Blurb and Ingram are bringing self-published books to real stores

If you’re a self-publishing author, chances are the title of this piece made you sit up and take notice.  You and I both know that the biggest disadvantage indie authors face is a near-total lack of access to the hallowed temples of retail known as “brick-and-mortal bookstores.”  Amazon and iTunes are all very well and good, but if you’re anything like me, you don’t quite feel like you’ve really made it unless you can sneak into your local Barnes and Noble and giggle at seeing your own name peering back at you from the shelf.

Blurb, one of the older and more technologically robust self-publishing services out there, wants to help you solve that gaping hole in your lonely little heart.  They’ve partnered up with Ingram, the master catalogue from which booksellers buy their stock, to list self-published titles created through the Blurb platform.  This significantly smooths out the ordering process for book shops, and authors will even be able to offer discounts to entice purchasing agents to snag a few copies.  Blurb does a significant amount of its business in overseas markets, which means that authors will have a chance to lure in international readers in addition to growing a local following.

Blurb CEO Eileen Gittins is naturally pretty excited about the new service, which coincides with an expansion of its trade book publishing options and an ebook update to one of its design suites. “The elements are now all in place for independent authors to design, market and sell their digital and print books – at a healthy margin – via global distribution to booksellers both online and at retail,” Gittins said in a press release. “It’s a happy day for both Blurb authors and Blurb employees too; delivering this extensive a range of offerings is a big deal for everyone.”

But let’s put aside the feel-good factor for a moment and take a look at some of the cold, hard figures behind all of this.  First of all, we need to consider the market for books.  Where are people buying most of their content?  If you guessed “Amazon,” then you’re right.  The decline and fall of the brick-and-mortar empire isn’t just a go-to topic for bored news site editors with nothing else to say.  It’s a real thing that’s happening.

book graph1

Data from

Putting aside the ignoble death of Borders, it’s pretty clear to see that Amazon is doing quite well in the book trade.  Even if independent book store sales match the $4.5 billion that B&N is selling, it’s still safe to say that Amazon has at least as wide a reach as physical locations (and likely much, much more).  If your customers are already on Amazon and they’re passing your book by, you might not be broadening your chances of exposure as much as you think by getting your book on the shelf.

Secondly, you’re going to pay more by printing through Blurb – at least in some circumstances.  The Last Death of Tev Chrisini is a long book, and therefore an expensive one, but let’s use it as an example.  To buy 30 copies of The Last Death from Createspace, its current publisher, I will pay $190 (plus shipping) using my author discount.  For the same number of copies from Blurb, the base manufacturing price is $288.  If I’m just going to take my books and go sell them at a lemonade stand in front of my house, then it’s obvious which publisher offers the better deal.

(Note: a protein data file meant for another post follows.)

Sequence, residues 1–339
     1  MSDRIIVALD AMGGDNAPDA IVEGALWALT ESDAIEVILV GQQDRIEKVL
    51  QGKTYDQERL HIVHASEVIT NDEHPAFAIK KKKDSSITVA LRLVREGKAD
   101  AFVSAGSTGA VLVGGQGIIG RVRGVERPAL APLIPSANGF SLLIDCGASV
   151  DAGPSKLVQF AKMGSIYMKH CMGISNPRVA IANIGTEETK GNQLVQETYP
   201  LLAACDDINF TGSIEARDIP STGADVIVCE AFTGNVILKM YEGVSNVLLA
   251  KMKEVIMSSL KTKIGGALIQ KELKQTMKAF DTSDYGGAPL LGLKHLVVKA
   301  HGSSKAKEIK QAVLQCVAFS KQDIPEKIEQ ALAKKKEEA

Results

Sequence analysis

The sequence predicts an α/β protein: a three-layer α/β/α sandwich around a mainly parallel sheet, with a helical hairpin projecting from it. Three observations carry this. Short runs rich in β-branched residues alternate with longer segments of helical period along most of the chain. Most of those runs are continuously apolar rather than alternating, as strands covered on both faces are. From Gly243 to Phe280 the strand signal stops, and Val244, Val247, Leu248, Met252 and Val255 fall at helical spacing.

But if we get a little more mathematical (bear with me), then Blurb doesn’t sound so bad after all.  If I want to list my Blurb book on Ingram, I need to pay that base manufacturing price of $288 (or whatever your book turns out to be).  I also need to add a discount that is steep enough to entice Ingram book buyers to invest in me.  Let’s say that’s 50 percent.  If we use the numbers below…


…then I’m making a lot more off a Blurb book than I do from Createspace royalties, and the retailer is making about twice as much as I am (assuming they end up selling the book for the suggested $15.00 price).  That sounds good, especially if you’re a book store that isn’t too sure about this whole new-fangled independent publishing malarkey.

So is it worth it?  Assuming my math is right, then maybe so.  If you’re looking for a publishing outlet, you could probably do worse than Blurb (especially if your book caters to international readers, which seems to be a fairly big focus of the announcement).

It may be more meaningful as an abstract: self-publishing if finally breaking through into traditional distribution channels, and the difference between big press publishing and independent authors is even narrower now than it was before.  That’s good news for everyone, including book stores that are struggling to keep their heads above water.  Will more indie publishing platforms follow Blurb’s lead to court Ingram’s vast purchasing reach?  I certainly hope that this is only the beginning.


4 thoughts on “Blurb and Ingram are bringing self-published books to real stores

  1. Jen, you did not address the problem of bookstore returns. If a book does not sell in a period of time bookstores are allowed to return the book/s to Ingram and get the purchase price back. Ingram then returns the unsold books to the publisher and gets their money back. Most traditional publishers accept this process, but some don’t. Will BLURB accept returns? If not many bookstores will be reluctant to buy such books if there is a chance they will be stuck with unsaleable books.

    • That’s a very good point, James! I didn’t think of that, nor do I know the answer to the question. That would certainly be a major concern for Blurb and authors.

  2. Pingback: The Top Ten Self-Publishing, Fantasy, and eBook Stories of 2014 | Inkless

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